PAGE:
The first story, What Aelister Found Here by Kaye Chazan, tells the tale of a young boy who calls himself Aelister. Bored with his life at home and misunderstood by his family, he runs away, taking a train to escape to the bustling city of London. There, he meets many interesting people, the most intriguing being a powerful man called The Duke, who takes Aelister in. The Duke seems bent on keeping Aelister inside his grand mansion, insisting that the weather is always too bad to leave and the pair often engage in an odd battle of wits over chess. On rare occasion, The Duke sends Aelister out on odd errands, a dangerous task since the area of Whitechapel is currently being terrorized by Jack the Ripper, but could any of this have something to do with the deck of cards that seem to come alive when Aelister stares at them?
The next is House of Cards by Amanda Ching, which flips between a story about a young maid named Mary Ann and the entrance of Alice into Wonderland. It seems Mary Ann's mistress, Mrs. Liddell, has recently miscarried and is taking it quite poorly. Her fiendish husband, Mister John, expects Mary Ann to step into his ill wife's shoes and so he rapes the poor girl, only to have her boyfriend, Samuel, interrupt the deed. Samuel flees and Mary Ann is left to pick up the pieces. Meanwhile, in Wonderland, the arrival of a young girl named Alice, sends the Queen into a tizzy, however there are lots of parallels and occurrences that bleed from Mary Ann's reality into Wonderland and back again.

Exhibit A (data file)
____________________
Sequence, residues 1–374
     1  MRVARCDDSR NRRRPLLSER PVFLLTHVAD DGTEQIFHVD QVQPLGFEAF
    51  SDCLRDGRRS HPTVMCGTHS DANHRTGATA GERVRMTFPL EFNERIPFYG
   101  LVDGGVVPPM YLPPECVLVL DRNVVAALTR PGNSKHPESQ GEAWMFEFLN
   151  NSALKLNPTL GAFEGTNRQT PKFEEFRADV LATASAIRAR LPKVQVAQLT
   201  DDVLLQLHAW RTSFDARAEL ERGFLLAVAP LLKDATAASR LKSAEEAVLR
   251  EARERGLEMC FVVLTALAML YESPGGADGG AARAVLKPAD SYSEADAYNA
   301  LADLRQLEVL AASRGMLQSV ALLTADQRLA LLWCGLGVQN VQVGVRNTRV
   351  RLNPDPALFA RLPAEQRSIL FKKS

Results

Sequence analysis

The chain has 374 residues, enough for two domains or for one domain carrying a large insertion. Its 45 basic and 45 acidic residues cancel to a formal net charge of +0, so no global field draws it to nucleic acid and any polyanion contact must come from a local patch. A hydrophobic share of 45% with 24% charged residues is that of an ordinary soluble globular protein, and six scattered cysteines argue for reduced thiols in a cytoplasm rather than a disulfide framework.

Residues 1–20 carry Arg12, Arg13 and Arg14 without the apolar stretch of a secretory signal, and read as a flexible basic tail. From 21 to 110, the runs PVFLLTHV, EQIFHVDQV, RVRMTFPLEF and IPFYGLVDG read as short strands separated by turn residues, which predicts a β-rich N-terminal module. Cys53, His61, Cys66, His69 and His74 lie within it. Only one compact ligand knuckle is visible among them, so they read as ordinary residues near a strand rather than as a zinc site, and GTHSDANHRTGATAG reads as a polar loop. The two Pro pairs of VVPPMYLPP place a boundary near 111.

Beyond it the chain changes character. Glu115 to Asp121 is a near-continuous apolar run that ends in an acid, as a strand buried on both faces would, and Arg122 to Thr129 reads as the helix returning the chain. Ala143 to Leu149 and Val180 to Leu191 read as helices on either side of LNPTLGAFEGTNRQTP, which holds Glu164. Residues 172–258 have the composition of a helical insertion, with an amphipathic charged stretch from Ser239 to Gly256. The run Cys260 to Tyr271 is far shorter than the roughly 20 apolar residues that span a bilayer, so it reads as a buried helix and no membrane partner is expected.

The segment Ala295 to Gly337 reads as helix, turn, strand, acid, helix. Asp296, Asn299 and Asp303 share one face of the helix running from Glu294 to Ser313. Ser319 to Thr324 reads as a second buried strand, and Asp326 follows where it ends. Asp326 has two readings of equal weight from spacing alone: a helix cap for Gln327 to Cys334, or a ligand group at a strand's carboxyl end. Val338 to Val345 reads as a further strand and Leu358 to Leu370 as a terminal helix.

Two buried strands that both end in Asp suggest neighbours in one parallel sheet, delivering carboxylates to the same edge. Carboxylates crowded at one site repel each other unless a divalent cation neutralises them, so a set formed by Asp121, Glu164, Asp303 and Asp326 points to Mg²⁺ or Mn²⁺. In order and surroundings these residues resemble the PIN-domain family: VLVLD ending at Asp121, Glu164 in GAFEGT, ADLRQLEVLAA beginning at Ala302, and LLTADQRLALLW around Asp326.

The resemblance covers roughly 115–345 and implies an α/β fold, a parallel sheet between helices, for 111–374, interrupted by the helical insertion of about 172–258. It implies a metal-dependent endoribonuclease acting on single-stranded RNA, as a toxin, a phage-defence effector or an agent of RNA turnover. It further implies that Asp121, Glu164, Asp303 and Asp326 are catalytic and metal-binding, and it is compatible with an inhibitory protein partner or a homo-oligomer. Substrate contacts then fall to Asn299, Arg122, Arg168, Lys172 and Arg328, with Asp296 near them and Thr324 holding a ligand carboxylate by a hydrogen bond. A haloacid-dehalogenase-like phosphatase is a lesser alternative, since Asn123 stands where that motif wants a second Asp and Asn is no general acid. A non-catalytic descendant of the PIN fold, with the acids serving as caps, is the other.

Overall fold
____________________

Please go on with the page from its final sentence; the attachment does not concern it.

Knave, by Hilary Thomas, is easily my favorite of the bunch and is simply fantastic. Written in the noir fashion of a Mickey Spillane novel, the book's protagonist is Jack Knave, one of Wonderland's many members of its seedy criminal underworld. The whole place is run by The Queen, with Frank Duchess controlling part of the city and Rabbit as his second-in-command. There's Queenie's confidant and lover, Kingsley Hart; Jimmy Cheshire, who knows how to find just about anyone, but can disappear at the drop of a hat; Harry March, the Queen's former numbers man, and his effeminate lover, Maddie, who is very flamboyant and just a bit insane. And then there's Alice, a new gal on the scene and a gorgeous femme fatale sure to make Jack's life a whole new kind of trouble. She's up to something - and all of Wonderland is talking - and when Jack gets framed for bilking the Queen out of some dough, can Jack trust this dame or is she to blame?
Last, but not least, is The World in a Thimble, by C.A. Young. It starts off normally enough, with Toby being called to his art gallery because a petulant artist named Hambrick has decided he is ready to deliver his artwork for tomorrow's opening... at 3:00a.m. At the dark gallery, Toby is put off by the creepy Alice sculpture, one that has always made him nervous. When it moves on him, at first he thinks it's a trick by another artist, but when the floor drops out from under him and he lands in another world, Toby doesn't know what to think. Talking coyotes, money-grubbing fireflies, drag queens running odd sideshows, man-eating furniture and a dangerous woman named the Catmistress are just a few of the many characters Toby will encounter during his journey as both a man and a mouse. When he must face down Alice, the ruler of this twisted domain, he will have to prove his mettle or be stuck there forever.
As a collection, (re)Visions: Alice is very good. Fans of Carroll's works will get a real kick out of the way the characters and terms from his books are used in the short stories offered here. Each story is unique, although they are all quite dark and contain adult topics; therefore, they aren't for children. That being said, if you enjoy Carroll's turn of a phrase and are looking for some unique perspective on his classic works and iconic characters, check out (re)Visions: Alice.